Facing Requiring Improvement


After being visited by inspectors barely a week into term with 23 new members of staff trying to settle in, our headteacher diarist now faces a Requiring Improvement judgement. She says enough is enough.

Some time ago now, I wrote my regular diary entry for SecEd entitled Requires Improvement Mr Gove (SecEd 326, September 20, 2012). Well, he has now got his own back and said the same to me via the auspices of Ofsted.

I have been directed to a very useful resource entitled Getting to Good produced by that very same Ofsted. This is the same Ofsted that said we were “good” in June 2011, who rang me in June 2012 to tell me that we had been identified as one of six secondary schools nationally for our work on school improvement and that they would like us to allow a visit from HMI who would then write up their findings as a case study in a report called ... Getting to Good,  which would be published to help other schools on their journey. Work that one out!

Perhaps they should have called it “Getting to Good and managing to stay there before you are subject within a relatively short timespan to a changing framework and schedule of inspection”. 

So it was that on the fifth day of the new term and academic year, with 23 new members of teaching staff and before the timetable had had a full run-through, I was told that my students’ behaviour was almost outstanding except that they had failed to demonstrate that essential “thirst for knowledge and a love of learning, including in independent, group and whole class work, which have a strong impact on their progress in lessons”.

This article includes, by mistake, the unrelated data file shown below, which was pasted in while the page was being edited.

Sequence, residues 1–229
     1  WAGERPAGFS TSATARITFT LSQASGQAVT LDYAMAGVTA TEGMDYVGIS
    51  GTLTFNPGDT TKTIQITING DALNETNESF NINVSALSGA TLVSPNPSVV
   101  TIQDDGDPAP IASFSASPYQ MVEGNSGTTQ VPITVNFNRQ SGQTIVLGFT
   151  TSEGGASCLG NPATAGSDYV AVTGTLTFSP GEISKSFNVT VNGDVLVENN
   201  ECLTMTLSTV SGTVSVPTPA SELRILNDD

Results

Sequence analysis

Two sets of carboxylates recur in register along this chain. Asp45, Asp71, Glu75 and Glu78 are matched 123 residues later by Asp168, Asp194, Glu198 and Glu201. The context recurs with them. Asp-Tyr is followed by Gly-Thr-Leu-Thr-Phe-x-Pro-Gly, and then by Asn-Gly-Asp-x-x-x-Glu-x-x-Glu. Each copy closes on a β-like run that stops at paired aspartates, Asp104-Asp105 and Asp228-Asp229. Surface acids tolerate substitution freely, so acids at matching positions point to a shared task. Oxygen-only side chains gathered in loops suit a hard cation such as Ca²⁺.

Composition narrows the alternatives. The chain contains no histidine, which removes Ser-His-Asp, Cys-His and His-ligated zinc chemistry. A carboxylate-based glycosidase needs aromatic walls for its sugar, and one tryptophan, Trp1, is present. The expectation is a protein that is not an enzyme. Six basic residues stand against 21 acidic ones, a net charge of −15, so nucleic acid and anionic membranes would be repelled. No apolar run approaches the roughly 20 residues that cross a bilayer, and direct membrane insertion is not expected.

Believe me, I know outstanding behaviour when I see it and my students, and indeed my staff were and are outstanding for the way they dealt with this unexpected visitation and the days in and out since.

This is not another sob story – I enjoyed working with the team and in particular with the lead inspector, there were no concerns raised by staff regarding their conduct of the inspection, and they spent a fair amount of time discussing the decision to move either side of the 2/3 divide.

We know exactly where our school is and what we have to do to ensure that next step towards beatification. Our maths results and progress were far better than those for English; is this any surprise? How much confidence do any of us have in the examination system? 

It doesn’t change the fact that we knew we still had a job to do in moving ever forward. We have just been judged at a stage on the journey under very, very different rules and across the country we know we are not the only casualties.

You might think that “casualties” is a very strong word to use; I don’t and I am extremely worried that someone – or a very many professionals in fact – are going to be seriously hurt by what is going on at the moment. 

I have never experienced anything like the events of this week following the announcement regarding early entry changes. 

How in God’s name does anybody think that announcing this four weeks before students are due to take the very examinations it has an impact upon will not do any harm? 

How many more decent, honourable, hard-working and (more to the point) effective school leaders will be brought to a point of no return?

One of my fellow heads used the phrase “be afraid, be very afraid” in relation to what is happening. Let’s turn it on its head and direct it where it should be – government. 

We have access to a huge number of voters and perhaps we should give them our best professional judgements of the education system in this country – the exam remarks required, the sound-bite policies, the political rhetoric that is damaging our children. 

Enough is enough, Mr Gove.

  • Diary of a headteacher is written anonymously and in rotation by three practising headteachers from schools across the country.


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